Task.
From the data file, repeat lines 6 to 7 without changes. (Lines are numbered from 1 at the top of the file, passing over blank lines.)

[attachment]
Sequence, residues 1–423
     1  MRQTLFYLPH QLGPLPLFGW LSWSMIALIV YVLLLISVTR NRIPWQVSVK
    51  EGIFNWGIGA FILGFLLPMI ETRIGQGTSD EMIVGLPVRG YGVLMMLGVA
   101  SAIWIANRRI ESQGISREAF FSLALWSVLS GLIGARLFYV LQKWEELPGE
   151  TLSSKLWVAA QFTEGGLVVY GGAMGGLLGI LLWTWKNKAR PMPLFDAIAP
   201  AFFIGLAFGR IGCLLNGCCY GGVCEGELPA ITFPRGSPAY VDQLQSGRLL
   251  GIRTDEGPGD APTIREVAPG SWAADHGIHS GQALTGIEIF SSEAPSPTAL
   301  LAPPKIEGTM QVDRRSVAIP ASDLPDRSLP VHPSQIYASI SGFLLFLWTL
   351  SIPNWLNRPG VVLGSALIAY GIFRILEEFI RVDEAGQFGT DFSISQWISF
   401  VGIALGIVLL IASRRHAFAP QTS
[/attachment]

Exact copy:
   201  AFFIGLAFGR IGCLLNGCCY GGVCEGELPA ITFPRGSPAY VDQLQSGRLL
   251  GIRTDEGPGD APTIREVAPG SWAADHGIHS GQALTGIEIF SSEAPSPTAL